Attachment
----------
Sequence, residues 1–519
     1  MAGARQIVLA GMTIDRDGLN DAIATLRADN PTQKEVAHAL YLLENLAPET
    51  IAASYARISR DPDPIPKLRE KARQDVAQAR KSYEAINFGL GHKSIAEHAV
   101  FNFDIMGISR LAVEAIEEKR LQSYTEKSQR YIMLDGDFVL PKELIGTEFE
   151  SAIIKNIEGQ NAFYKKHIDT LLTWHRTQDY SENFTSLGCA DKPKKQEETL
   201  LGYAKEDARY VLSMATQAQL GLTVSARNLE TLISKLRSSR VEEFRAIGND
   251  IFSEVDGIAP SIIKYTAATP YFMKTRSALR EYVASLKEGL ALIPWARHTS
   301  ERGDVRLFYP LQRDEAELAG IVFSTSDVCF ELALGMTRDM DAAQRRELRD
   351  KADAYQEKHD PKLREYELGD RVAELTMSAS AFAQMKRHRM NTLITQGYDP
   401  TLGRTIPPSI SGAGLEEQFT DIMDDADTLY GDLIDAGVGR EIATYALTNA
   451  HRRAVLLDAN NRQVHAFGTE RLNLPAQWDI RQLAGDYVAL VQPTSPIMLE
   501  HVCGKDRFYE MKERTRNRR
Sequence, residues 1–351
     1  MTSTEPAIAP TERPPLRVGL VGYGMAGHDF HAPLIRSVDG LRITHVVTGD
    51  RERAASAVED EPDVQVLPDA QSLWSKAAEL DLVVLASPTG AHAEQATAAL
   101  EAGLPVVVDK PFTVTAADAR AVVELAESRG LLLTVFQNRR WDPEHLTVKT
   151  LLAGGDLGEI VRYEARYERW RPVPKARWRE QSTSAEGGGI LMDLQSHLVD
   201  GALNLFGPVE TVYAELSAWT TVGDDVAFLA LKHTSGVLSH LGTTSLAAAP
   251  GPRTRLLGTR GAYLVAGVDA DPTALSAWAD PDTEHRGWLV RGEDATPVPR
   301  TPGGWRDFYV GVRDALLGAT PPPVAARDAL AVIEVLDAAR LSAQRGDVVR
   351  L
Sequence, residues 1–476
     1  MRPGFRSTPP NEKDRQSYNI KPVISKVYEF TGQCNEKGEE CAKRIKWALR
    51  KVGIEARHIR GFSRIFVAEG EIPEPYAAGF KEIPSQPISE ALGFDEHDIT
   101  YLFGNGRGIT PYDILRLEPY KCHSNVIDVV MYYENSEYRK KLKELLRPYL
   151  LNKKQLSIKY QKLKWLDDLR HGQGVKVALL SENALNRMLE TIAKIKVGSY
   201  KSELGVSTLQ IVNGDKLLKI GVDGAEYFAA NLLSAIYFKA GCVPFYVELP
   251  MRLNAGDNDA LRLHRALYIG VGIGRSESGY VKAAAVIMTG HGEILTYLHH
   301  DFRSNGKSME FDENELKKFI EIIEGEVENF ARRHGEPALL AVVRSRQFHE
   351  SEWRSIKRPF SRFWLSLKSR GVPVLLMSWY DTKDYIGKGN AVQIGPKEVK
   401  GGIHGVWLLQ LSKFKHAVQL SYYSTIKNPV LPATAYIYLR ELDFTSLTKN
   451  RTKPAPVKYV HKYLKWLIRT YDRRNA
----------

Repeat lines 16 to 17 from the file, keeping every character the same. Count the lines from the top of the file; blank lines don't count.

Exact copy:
   101  EAGLPVVVDK PFTVTAADAR AVVELAESRG LLLTVFQNRR WDPEHLTVKT
   151  LLAGGDLGEI VRYEARYERW RPVPKARWRE QSTSAEGGGI LMDLQSHLVD